A couple of weeks ago some new neighbours moved into the apartment next door. It’s a woman with a little boy who seems dissatisfied with life, to say the least. I’ve not seen him yet, but I can tell this just by listening to him. He comes back from school at around two in the afternoon, when the smell of cooking that emerges from his house wafts along the hallways and down the stairs of our building. Everyone knows when he’s arrived from the impatient way that he presses the buzzer. As soon he has closed his own front door, the decibel level increases as he starts shouting to complain about what’s for lunch. Judging by the smell, the food in his house cannot be either healthy or tasty, but the boy’s reaction is undoubtedly over the top. He hurls insults and profanities around, which is somewhat disconcerting in a child of his age. He also slams doors and throws all sorts of things at the walls. These outbursts tend to last a long time. Since they moved in, I’ve heard three of them, and on not one of those occa- sions was I able to listen all the way through, so I wouldn’t be able to say how they end. He shouts so loudly and so desperately that it forces me to leave the house in a hurry. I have to admit, I have never really got along well with children.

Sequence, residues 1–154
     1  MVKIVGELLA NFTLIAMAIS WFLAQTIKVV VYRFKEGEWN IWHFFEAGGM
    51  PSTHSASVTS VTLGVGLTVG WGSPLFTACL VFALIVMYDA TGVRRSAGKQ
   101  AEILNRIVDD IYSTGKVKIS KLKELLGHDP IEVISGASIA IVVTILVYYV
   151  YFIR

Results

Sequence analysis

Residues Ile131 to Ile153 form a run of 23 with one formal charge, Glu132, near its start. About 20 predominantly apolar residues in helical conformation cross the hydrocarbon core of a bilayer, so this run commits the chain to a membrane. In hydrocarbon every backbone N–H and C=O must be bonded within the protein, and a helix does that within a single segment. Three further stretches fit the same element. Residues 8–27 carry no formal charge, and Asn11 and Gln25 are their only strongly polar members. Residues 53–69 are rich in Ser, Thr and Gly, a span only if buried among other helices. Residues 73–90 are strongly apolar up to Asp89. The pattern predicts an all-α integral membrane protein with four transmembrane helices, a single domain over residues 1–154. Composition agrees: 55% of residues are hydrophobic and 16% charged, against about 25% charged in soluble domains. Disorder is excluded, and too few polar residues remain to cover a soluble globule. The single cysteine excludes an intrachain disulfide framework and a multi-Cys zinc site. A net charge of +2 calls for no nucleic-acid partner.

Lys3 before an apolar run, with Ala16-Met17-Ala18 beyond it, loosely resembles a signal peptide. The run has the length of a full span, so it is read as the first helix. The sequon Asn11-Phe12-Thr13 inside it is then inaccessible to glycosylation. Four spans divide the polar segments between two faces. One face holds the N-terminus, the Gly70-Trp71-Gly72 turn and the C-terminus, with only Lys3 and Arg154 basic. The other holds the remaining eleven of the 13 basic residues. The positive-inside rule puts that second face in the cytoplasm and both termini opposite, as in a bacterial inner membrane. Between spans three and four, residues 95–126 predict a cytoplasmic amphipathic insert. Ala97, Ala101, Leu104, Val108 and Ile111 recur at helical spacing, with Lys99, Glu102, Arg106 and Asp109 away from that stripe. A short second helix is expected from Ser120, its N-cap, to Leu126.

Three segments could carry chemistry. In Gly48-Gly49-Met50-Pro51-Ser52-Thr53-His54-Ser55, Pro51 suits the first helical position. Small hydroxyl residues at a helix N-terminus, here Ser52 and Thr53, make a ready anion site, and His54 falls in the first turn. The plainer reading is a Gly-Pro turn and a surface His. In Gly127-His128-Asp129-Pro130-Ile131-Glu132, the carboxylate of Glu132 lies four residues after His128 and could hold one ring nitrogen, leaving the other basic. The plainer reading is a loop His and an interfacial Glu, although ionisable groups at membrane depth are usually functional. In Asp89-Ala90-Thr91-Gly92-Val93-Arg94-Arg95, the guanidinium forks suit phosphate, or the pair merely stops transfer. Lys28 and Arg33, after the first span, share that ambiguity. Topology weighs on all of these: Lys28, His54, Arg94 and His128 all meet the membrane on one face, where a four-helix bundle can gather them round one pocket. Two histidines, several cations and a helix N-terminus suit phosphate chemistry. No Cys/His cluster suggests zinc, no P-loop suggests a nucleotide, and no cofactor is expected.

Standing Heavy, GauZ’, translated from the French by Frank Wynne